A decade ago, a small school in New Haven known as Amistad Academy began playing a varsity boys basketball schedule of just nine games. The team didn’t win any of them.
Year two brought six victories in 12 games and a spot in the Class S state tournament. Year No. 3 brought its first postseason victory.
Since then, Amistad dropped the Academy portion of its title, moved into a new building, changed coaches (Rich Walton the first three seasons, Ryan Ott ever since), but still no varsity program at the school had advanced beyond the second round of any CIAC tournament.
Not until this month, anyways. Amistad won four straight games in the Division III state tournament to reach its first final Sunday at 1 p.m. against Farmington at the Mohegan Sun Arena.
“I think it’s a great accomplishment. We are hoping to finish it off with a win,” Ott said.”This is not a surprise to our kids and not a surprise to our coaches.”
Amistad, still an independent school, finished the regular season at 14-6. The Wolves earned the No. 9 seed, defeated SMSA, Berlin, Shelton and Torrington in succession to get to its first final.
“We are not some Cinderella story that needs some miracle,” Ott said. “I don’t think it was a massive shocking upset (Torrington). This is what we’ve been building toward and what we’ve been planning to do. It’s been a pretty steady progression.”
Senior guard A.J. Edwards remembers how Ott would constantly remind the team during his sophomore season how hard to work to get to the ultimate goal.
“He’d instill in us every day to work hard, take it slow and by this time of our senior year, we were going to be one of the top teams in the state,” Edwards said. “To be even in this predicament we are in now to play for a Division III state title is amazing.”
Said sophomore guard Eli Blackwell: “New Haven is all about the Hillhouses and the (Wilbur) Crosses. This shows the city that we are really here. It’s not just about those schools.”
Each season, Ott has toughened up the schedule to get ready for March. But it took some time for this year’s team to jell together.
Ott said he had so many different starting lineups for one reason or another over the first few weeks of the season. Amistad lost four of its firsts even games.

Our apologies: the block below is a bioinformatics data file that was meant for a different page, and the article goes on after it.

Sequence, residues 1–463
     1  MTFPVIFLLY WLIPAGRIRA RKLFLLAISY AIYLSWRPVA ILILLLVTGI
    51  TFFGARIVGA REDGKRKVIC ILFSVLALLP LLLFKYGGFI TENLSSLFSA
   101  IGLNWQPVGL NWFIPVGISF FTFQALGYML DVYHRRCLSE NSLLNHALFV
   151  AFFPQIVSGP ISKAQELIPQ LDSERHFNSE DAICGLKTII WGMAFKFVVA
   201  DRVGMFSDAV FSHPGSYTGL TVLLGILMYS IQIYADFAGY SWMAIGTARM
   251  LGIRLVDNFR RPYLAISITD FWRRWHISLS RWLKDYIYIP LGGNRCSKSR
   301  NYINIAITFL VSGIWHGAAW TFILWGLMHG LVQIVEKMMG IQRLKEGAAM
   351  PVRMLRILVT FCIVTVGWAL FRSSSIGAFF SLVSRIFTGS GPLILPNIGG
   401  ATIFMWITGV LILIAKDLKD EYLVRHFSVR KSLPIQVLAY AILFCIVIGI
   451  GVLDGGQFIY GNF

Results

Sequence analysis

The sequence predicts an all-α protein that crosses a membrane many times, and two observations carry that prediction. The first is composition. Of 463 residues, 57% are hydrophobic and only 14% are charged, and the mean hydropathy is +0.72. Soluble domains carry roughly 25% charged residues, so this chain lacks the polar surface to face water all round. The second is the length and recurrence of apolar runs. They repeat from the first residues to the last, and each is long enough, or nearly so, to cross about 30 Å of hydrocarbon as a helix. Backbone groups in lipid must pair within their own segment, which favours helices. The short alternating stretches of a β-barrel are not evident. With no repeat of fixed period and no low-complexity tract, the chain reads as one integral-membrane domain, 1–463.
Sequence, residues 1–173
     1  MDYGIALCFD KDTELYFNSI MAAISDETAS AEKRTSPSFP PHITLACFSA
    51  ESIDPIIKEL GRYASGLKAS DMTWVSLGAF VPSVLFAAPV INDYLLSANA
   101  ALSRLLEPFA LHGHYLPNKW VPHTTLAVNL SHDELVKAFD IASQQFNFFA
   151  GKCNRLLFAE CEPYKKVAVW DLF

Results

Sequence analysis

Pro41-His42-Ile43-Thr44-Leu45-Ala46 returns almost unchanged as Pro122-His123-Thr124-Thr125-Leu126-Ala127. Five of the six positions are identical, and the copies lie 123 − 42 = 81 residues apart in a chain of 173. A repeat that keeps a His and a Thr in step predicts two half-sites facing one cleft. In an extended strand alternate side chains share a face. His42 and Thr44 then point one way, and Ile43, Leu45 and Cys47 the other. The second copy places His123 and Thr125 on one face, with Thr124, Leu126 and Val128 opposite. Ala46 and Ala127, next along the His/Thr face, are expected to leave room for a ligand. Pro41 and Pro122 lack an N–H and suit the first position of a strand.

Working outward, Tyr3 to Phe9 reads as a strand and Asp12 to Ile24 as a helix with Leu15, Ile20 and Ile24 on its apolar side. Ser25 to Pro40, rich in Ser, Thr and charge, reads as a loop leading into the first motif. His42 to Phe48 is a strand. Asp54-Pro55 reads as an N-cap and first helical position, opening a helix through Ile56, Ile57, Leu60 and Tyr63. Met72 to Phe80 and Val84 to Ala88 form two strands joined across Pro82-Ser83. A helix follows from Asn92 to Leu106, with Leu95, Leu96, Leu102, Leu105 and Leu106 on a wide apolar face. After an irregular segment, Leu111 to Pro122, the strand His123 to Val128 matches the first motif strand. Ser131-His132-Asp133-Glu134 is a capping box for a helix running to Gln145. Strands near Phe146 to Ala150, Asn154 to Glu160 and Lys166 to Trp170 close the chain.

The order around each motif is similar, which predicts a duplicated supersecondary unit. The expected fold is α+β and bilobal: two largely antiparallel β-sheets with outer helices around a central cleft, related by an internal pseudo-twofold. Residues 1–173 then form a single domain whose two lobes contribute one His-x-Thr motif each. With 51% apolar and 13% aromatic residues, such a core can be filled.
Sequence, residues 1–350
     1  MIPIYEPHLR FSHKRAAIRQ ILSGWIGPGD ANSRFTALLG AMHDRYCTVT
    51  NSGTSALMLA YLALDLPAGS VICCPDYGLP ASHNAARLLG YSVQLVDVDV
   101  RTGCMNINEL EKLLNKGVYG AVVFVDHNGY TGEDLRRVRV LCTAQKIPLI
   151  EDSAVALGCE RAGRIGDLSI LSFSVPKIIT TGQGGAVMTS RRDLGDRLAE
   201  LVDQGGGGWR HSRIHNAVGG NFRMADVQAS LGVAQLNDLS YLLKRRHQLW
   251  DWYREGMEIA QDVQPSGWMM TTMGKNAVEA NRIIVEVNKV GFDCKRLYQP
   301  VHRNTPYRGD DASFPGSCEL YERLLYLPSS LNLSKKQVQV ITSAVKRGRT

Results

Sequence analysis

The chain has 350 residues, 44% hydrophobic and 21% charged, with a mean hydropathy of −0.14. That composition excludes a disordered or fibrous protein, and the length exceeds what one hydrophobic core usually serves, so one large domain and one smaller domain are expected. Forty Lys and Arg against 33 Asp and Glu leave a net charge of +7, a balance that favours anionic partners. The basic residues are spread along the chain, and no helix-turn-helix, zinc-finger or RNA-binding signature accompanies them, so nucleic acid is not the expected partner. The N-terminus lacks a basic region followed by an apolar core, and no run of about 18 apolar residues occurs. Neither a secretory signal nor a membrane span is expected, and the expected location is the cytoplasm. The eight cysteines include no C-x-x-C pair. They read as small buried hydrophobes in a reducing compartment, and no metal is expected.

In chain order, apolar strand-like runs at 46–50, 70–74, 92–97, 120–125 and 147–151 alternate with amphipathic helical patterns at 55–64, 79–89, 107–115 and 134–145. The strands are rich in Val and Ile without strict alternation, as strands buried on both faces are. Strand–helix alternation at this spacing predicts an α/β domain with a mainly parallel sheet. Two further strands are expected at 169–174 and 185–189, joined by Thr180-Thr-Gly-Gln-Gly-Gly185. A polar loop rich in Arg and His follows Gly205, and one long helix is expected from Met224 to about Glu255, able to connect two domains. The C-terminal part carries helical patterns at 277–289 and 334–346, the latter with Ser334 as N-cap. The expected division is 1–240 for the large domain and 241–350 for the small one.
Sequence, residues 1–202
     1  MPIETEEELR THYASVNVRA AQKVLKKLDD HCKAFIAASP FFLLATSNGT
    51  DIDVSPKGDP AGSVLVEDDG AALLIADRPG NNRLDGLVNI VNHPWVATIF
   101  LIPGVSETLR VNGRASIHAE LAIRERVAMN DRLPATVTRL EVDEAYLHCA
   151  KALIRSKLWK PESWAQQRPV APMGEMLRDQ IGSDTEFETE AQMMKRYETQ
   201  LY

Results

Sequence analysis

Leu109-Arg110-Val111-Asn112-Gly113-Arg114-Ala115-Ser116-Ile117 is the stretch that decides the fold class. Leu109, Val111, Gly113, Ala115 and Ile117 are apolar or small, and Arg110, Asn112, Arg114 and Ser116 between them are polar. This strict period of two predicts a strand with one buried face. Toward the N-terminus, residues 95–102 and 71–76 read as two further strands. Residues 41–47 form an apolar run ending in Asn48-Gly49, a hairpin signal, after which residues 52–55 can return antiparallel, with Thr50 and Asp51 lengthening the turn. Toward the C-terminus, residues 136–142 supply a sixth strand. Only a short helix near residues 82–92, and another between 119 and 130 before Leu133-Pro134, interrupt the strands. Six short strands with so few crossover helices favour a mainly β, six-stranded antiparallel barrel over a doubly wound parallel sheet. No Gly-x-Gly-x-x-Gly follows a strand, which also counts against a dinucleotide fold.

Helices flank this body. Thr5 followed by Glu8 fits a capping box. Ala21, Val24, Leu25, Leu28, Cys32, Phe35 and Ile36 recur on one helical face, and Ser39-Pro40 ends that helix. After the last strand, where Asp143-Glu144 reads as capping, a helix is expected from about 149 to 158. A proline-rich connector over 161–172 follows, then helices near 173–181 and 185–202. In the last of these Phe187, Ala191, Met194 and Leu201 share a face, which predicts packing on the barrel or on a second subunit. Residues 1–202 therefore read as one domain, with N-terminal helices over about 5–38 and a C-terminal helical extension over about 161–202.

The only two losses since have been against Cromwell, which won its first 23 games and was the top seed in Division IV, and Classical Magnet on the road in overtime. Classical was a semifinalist in Division IV.
“We started to establish our identity with our defensive intensity, our defensive work ethic and our toughness,” Ott said. “Offensively, as the season went along, we became even more balanced.”
Once he saw the Wolves were placed in Division III when the divisions were decided last spring, Ott went out and scheduled some teams with height that would present matchup problems — and prepare the Wolves for this run.
Farmington, having played a difficult schedule in the Central Connecticut Conference, is another team that could provide matchup problems with its size.
“They have great guard play, great understanding of the game and very well-coached,” Farmington coach Duane Witter said. “Their kids can really shoot it, they rebound well for their size and they push it (up the floor). We understand this is a great challenge for us.”
The weekend brings a delicate balance for each team playing: taking care of business while also enjoying the experience of playing in a professional arena before thousands of people.
“I think it will be a fun experience,” Edwards said. “To be able to see the big crowd be in that arena is going to be good.”
Said Ott: “We can celebrate when it’s over, but we are here to take care of business. I’ve said to them before every tournament game, ‘Don’t let the moment get too big. Go out there, take care of business, do your job, play your role and no one has to do anything extra or special. We have to continue to play like we have.”